This is their punishment. Scientific careers permanently tarnished by this scandal. Who will want to collaborate with them and have that tarnish rub off on them?

      Did some people get screwed in the process? Certainly. And it is unfair. But, NIH is not the fairness police. ORI is not the fairness police. Unless you believe in God and an afterlife, there is no fairness police.

      In the end it is up to the “community” and the institutions who employee them to met out retribution. Not NIH. And I hope never NIH. If you think administrative burdens are high now imagine what they will be like if NIH has to double check everyone’s work or follow up on every minor complaint about someone’s NIH funded work.

      • whimple said

        This is their punishment. Scientific careers permanently tarnished by this scandal. Who will want to collaborate with them and have that tarnish rub off on them?

        So, the appropriate penalty for committing a crime is… you’re not allowed to commit that crime anymore? How much punishment is that anyway?

      • @Whimple — you might want to think about the costs and consequences of “punishment.” There is no purging fire that takes away the rot and leaves the surrounding material uncharred. There is always collateral damage. The costs are never borne solely by the perpetrator, and instead ramify into the surrounding community. The question is how one deals with the rot while doing as little collateral damage as possible.

        I would like to suggest that “punishment” is precisely the wrong thing to be worrying about at this moment. We are scientists. The single most important thing — as in the case of Hendrik Schön at Bell Labs — is to establish as much of what actually occurred (the facts) as possible, with all due haste. In the case of Schön, the worst “punishment” that he received was that this report was prepared and published.

        If you haven’t read it, you really should. It is a classic. It will follow Schön for the rest of his life, and it will continue to haunt him after he is gone. For a scientist, there can be no more devastating punishment: a collective judgement by his peers that instead of advancing his field, he harmed it.

      • D said


        @Whimple, as far as I can tell no crime has been proven to have been committed. You could suggest various laws have been broken but until something is successfully prosecuted in a court….well we have that whole innocent until proven guilty in a court of law thing here.

        These are all major ethical and professional lapses. So, unless the FBI gets involved, they have to be dealt with by the relevant professional communities. And from the tone of this message board they are.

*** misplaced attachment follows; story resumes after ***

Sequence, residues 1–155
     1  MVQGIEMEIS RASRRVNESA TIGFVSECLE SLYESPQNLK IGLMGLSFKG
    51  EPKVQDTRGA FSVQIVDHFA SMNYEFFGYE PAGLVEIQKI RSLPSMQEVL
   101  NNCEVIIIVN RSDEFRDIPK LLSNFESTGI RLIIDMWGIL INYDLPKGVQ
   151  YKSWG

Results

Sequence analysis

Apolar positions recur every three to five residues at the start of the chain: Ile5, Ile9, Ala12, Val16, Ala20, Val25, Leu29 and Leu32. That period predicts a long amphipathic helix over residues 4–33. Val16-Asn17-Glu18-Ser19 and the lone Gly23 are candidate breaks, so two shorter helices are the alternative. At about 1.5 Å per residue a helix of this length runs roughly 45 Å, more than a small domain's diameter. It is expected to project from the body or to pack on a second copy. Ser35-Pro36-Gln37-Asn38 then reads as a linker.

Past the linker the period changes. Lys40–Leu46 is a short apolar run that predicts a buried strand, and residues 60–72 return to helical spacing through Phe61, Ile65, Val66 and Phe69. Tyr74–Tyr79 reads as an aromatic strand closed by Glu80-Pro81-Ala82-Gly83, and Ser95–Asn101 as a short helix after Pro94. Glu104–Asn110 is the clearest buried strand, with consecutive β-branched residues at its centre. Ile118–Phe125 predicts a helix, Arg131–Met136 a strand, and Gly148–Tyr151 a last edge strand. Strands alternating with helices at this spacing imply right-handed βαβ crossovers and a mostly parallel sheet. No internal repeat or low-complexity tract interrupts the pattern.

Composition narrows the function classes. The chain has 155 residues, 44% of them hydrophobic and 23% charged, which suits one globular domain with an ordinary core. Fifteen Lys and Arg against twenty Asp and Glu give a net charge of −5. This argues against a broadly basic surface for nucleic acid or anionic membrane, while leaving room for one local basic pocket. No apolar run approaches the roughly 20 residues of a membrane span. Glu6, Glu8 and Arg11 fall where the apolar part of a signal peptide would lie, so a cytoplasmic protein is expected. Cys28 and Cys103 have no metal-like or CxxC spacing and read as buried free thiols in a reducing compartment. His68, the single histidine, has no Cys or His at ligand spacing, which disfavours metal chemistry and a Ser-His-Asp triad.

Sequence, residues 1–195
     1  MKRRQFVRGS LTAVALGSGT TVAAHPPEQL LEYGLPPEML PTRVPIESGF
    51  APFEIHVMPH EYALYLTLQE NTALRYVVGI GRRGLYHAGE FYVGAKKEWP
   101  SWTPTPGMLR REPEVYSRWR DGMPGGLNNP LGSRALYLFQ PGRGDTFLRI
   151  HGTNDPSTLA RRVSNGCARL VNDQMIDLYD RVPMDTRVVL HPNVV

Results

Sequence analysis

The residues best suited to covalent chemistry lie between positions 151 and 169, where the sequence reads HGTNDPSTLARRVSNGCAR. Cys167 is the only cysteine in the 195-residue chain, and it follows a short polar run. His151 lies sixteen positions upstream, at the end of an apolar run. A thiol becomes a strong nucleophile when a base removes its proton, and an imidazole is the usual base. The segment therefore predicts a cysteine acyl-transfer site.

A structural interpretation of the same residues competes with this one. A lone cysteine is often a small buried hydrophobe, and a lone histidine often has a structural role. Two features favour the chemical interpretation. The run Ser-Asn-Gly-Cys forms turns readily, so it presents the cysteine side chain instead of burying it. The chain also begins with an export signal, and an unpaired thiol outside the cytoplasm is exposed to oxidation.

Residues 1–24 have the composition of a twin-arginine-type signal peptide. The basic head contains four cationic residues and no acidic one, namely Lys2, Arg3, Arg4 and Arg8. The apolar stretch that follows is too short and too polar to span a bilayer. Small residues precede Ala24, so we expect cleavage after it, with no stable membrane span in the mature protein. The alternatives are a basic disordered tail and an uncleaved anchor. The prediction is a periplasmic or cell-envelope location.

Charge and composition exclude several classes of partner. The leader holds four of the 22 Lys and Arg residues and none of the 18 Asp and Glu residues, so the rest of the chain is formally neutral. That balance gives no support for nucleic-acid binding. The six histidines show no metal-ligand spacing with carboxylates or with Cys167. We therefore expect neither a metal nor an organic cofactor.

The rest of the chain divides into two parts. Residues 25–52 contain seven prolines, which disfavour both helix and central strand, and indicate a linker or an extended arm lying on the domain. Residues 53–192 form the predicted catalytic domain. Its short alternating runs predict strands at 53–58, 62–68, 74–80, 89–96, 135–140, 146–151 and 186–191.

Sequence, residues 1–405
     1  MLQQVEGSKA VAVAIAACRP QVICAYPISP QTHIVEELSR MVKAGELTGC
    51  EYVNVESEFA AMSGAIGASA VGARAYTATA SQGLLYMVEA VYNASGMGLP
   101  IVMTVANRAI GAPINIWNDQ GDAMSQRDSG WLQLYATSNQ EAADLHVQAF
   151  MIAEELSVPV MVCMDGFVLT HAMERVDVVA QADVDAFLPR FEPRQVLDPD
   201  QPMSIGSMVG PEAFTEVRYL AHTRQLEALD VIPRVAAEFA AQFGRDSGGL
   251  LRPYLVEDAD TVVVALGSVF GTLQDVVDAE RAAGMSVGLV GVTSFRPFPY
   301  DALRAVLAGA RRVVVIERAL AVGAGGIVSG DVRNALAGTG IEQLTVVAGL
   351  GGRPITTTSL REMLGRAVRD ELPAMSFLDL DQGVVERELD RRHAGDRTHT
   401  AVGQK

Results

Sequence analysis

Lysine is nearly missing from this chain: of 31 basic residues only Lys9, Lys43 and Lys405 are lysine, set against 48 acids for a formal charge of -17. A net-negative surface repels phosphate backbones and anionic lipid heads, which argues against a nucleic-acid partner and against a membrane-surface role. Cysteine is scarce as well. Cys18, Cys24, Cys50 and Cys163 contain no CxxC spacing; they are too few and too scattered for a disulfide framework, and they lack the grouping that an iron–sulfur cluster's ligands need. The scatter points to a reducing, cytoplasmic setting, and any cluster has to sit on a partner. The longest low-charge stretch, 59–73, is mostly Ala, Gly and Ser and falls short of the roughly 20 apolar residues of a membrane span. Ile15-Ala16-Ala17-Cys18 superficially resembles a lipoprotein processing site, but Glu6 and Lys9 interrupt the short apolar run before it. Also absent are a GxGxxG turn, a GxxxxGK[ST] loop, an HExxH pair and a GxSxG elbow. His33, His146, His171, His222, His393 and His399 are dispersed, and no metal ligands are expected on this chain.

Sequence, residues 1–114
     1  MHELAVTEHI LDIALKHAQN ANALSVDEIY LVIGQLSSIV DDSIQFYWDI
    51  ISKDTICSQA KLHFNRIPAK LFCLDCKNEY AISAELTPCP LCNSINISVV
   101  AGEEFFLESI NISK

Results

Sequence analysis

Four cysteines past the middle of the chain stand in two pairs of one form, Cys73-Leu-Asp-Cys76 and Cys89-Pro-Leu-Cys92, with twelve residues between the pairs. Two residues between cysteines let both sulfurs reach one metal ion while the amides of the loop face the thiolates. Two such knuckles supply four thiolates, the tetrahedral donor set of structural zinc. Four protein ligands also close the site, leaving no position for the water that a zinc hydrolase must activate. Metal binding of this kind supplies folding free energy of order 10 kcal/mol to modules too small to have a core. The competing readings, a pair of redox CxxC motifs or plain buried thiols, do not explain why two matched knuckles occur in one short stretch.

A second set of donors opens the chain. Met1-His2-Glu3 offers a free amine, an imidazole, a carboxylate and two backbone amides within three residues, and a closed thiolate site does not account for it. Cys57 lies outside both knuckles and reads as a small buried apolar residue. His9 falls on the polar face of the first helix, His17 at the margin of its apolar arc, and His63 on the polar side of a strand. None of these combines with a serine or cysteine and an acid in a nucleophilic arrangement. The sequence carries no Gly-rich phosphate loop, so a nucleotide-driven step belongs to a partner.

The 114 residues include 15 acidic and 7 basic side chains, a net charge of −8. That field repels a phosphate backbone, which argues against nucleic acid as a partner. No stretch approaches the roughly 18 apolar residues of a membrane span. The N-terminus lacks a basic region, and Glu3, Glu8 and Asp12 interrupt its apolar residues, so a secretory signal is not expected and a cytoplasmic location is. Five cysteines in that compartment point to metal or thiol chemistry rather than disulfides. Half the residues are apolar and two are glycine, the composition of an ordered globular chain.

• whimple said

        No, the goal of a big fine is to punish the wrongdoer’s institution, not the actual wrongdoer.

      • noblesse d'epee said

        I agree with Whimple. In cases of institutional abetting of research misconduct, as appears to be occurring in the current Hellinga controversy, a figurative “stick” is needed with which the NIH might sanction the host institution if it has not engaged in good-faith investigations consistent with the NIH-required format and timeline. As it stands, Duke can tell the NIH, “We’re sorry, but we’ve chosen an investigation process which is in many ways orthogonal to both federal law and to NIH requirements.” The NIH might respond with a “sternly-worded letter.”

        Duke’s technology transfer office apparently thinks that Homme is worth a billion dollars in IP. Hellinga is a persuasive speaker, and has clearly convinced many decision-makers at Duke that he is a visionary — perhaps even a “wrongly-persecuted” visionary. Duke’s Medical Center administration has recently trumpeted its embrace of entrepreneurialism, and Homme’s triumphs mesh nicely with this effort. Duke does not care about Homme’s tarnished reputation; Duke thinks that it is on the verge of milking an IP cash cow.

        What might it take to ensure that Duke performs a proper investigation of Hellinga? Duke harvests several hundred million NIH dollars/year, and consistently ranks 3rd-5th in total NIH funding. I think that the threat of a massive fine, on the order of 10% of Duke’s annual NIH funding, is the only way to ensure Duke’s compliance with NIH rules and with federal law.

  80. luna Halloween said

    Thanks Spiny for your touch in realism and alert on wishful thinking. You’re right. People (just one example) whose retirement accounts were screwed by unscrupulous traders and the like will not get back their life’s savings.

  81. luna Halloween said